Newton Conservators celebrates its 60th Anniversary of advocating for open space in Newton this year. Traditionally, the organization presented awards at an annual dinner meeting in May but Covid upended the normality of indoor ceremonies. Instead, the awards were presented outside on a clear and pleasant Monday afternoon, September 27 (Rachel Carson Day), at City Hall’s Salvatore Balsamo Millennium Park adjacent to the new Pollinator Garden and Story Walk there. Newton Conservators president, Ted Kuklinski, welcomed honorees and guests and noted that this was likely the largest number of awardees for the organization ever.
Directors’ Awards are given each year to individuals or groups who have made a significant contribution to the preservation of open space in Newton. This year the Conservators honored three city employees who, as Conservators’ President Ted Kuklinski observed, are more than employees. “I consider them friends, and friends of open space.”
In the course of 32 years, Bob DeRubeis, the retired Newton Parks, Recreation and Culture Commissioner, worked for five Newton mayors. The Conservators recognized DeRubeis, “In gratitude for his many decades of stewardship to our Garden City parkland in his leadership roles with the Newton Parks and Recreation Department.”
Long-time Community Preservation Committee Program Manager Alice Ingerson notably oversaw the proposed use of CPA funds to assist in the acquisition of Webster Woods. The Award comes “In gratitude for her role in shepherding so many of our open space related Community Preservation Act projects through the government process.”
As City Solicitor, now retired, Ouida Young served on the Webster Woods Advisory Panel for Newton’s most significant open space acquisition in a decade. The Conservators acknowledged her “In gratitude for her role in clearing the legal hurdles for open space projects over decades as Solicitor in the Newton Law Department.”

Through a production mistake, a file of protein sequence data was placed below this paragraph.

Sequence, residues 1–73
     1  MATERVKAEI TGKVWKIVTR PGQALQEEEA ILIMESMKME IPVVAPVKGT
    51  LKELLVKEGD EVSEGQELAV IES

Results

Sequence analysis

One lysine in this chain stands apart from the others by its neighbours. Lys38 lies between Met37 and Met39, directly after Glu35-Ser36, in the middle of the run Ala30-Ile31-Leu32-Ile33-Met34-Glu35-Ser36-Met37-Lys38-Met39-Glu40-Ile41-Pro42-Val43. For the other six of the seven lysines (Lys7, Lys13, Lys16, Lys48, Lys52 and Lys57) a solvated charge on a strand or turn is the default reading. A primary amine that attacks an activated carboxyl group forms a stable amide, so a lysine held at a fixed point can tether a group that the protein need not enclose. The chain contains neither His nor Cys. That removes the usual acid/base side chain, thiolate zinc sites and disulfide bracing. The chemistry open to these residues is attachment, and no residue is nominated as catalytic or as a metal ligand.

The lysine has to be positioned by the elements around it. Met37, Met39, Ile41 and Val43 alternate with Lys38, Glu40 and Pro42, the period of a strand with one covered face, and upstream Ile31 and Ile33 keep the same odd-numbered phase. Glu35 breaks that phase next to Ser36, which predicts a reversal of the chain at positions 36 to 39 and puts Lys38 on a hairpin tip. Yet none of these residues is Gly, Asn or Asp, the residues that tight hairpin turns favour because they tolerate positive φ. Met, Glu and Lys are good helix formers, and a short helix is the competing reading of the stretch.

The Charles Johnson Maynard Award is given each year to recognize efforts “to improve biodiversity, habitat reclamation, and natural resource protection.” Charles Johnson Maynard was a well-known naturalist, ornithologist, author, and publisher who was born and lived in Newton from 1845 until his death in 1929. The award was presented to Alan Nogee, the founder of Friends of Cold Spring Park.
Nogee, a long-time Newton resident, has had a 40-year career working to clean up our energy systems including 17 years with the Union of Concerned Scientists, as the Clean Energy Program Director and Director of Climate & Energy Strategy & Policy. The Conservators singled out Nogee “For his leadership and tireless efforts to establish and lead the Friends of Cold Spring Park, raising public awareness and support to protect and enhance this large, diverse, and beloved open green space.”
The Environmentalist of the Year Award, first presented in 1981, goes to the individual or group that has made the greatest contribution to the protection of Newton’s environment. Through incredible teamwork that started in earnest in the summer of 2015, the Conservators noted, Webster Woods officially was saved as city-owned open space in perpetuity in December 2019. That significant accomplishment, which will be enjoyed by many generations of people to come (and the plants and creatures that live in the woods), was accomplished through a combination of political skill, legal expertise, political acumen, financial and land-use analysis, the ability to communicate scientific knowledge in a clear and engaging way, and just plain hard work by many.